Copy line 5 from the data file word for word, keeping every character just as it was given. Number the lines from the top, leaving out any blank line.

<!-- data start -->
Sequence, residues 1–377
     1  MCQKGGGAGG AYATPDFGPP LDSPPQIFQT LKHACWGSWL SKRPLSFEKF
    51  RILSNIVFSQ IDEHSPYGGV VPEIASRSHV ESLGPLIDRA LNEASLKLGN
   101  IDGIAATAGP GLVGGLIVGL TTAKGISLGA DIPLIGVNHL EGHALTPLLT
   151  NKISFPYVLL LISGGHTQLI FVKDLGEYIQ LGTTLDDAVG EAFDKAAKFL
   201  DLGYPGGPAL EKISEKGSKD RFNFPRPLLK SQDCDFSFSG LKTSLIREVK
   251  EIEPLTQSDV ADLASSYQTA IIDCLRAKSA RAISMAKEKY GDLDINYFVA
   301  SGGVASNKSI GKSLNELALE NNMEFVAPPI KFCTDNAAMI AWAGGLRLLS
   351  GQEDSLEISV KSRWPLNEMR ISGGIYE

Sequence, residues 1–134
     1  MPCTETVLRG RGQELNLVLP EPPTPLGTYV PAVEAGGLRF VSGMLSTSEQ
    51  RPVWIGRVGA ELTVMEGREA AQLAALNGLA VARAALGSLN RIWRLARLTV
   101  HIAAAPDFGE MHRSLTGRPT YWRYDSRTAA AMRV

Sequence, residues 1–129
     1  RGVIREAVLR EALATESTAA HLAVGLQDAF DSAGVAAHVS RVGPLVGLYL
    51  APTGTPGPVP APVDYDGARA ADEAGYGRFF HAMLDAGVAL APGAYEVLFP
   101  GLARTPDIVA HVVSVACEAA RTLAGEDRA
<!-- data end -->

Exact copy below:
   151  NKISFPYVLL LISGGHTQLI FVKDLGEYIQ LGTTLDDAVG EAFDKAAKFL